D&D General If you had to split up Dexterity...

cbwjm

Legend
This roughly matches how Mutants and Masterminds 3e broke them out - Agility and Dexterity (as in hand-eye coordination). They also broke Strength out into Strength/Fighting to separate brute strength from ability to land a blow in melee. That's a bit more on-point for a superhero game, but the breakout of the two big combat stats seems to work pretty well.

Agility
Acrobatics
Armor Class
Saving throw
Initiative
Stealth

Dexterity
Disable Device
Sleight of Hand
To Hit Ranged (and melee if finesse)

Edit: Fairly importantly, the big offensive (attack roll) and defensive applications (AC, saves) don't sit with the same stat.
M&M 3e was exactly what I thought of when I saw the title. I think it works well as a split for dexterity.
 

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Steampunkette

Shaper of Worlds
Supporter
I'm 100% in the Agility/Adroitness camp with @payn.

Describing physical limberness as a separate concept from fine manipulation is probably the best way to go, and the choice of terminology is really solid, to my ear.
 



Cadence

Legend
Supporter
This seems to be looking for a level of nuance that I don't need from attribute stats. However, if you were to simplify a skills system into stats then it might be more important. I can play along in that case.

Agility:
Quickness
limber
Reactive

Adroitness:
Slight of hand
Skillfulness
Adeptness

Agility for physical stuff, and adroitness for skill stuff. Not perfect but seems to separate things nicely.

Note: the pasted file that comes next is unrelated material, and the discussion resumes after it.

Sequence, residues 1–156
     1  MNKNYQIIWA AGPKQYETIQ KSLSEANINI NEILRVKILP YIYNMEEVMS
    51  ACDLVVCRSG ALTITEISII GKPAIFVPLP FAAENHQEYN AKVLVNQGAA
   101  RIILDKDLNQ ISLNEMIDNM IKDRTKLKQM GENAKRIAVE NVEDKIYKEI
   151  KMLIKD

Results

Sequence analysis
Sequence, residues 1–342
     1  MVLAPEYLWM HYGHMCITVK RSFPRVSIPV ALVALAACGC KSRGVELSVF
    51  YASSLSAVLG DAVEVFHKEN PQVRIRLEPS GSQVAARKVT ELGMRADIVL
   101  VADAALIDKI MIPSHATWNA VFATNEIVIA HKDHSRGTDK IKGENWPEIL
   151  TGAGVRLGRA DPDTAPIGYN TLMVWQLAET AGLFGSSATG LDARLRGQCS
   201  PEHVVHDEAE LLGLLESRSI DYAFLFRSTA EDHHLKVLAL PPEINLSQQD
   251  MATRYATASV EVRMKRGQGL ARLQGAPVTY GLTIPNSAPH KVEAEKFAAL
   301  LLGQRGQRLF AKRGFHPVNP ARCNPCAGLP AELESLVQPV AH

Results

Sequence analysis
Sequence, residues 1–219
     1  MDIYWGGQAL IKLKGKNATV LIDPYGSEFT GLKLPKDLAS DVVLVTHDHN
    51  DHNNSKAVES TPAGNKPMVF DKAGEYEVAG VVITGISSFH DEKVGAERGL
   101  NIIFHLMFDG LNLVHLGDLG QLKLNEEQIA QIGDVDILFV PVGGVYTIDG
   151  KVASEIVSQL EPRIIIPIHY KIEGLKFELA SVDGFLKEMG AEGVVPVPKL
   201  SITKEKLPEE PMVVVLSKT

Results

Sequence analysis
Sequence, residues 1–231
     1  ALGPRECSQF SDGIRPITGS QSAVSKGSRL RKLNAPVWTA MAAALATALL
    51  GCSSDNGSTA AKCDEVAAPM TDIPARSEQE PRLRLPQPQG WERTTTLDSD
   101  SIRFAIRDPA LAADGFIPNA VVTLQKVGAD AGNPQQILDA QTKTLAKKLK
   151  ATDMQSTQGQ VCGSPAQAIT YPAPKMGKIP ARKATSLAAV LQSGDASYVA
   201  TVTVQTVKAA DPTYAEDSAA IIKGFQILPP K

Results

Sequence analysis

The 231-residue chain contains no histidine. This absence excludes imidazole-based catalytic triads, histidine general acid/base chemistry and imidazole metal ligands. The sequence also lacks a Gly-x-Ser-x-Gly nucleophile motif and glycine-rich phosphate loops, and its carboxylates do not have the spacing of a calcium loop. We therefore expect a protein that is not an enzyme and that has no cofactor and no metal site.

I'm 100% in the Agility/Adroitness camp with @payn.

Describing physical limberness as a separate concept from fine manipulation is probably the best way to go, and the choice of terminology is really solid, to my ear.

Where would you put the combat related things between them and strength? Feels like AC and initiative are reactive, so agility? Finesse weapons and missile weapons too? Or are finesse weapons more skillfulness?
 

Steampunkette

Shaper of Worlds
Supporter
Where would you put the combat related things between them and strength? Feels like AC and initiative are reactive, so agility? Finesse weapons and missile weapons too? Or are finesse weapons more skillfulness?
Weapons would go into Adroitness, along with picking locks and disarming traps.

Initiative and Dex Saves, Acrobatics and the like into Agility. All about movement and form.
 



Vael

Hero
Rather than splitting it up, I think just taking Initiative away from Dexterity does a lot, because having sneakiness and Initiative off of one stat is a problem. Now, where to put it? I suggest Charisma. The character with the sheer force of will gets to go first.
 

Steampunkette

Shaper of Worlds
Supporter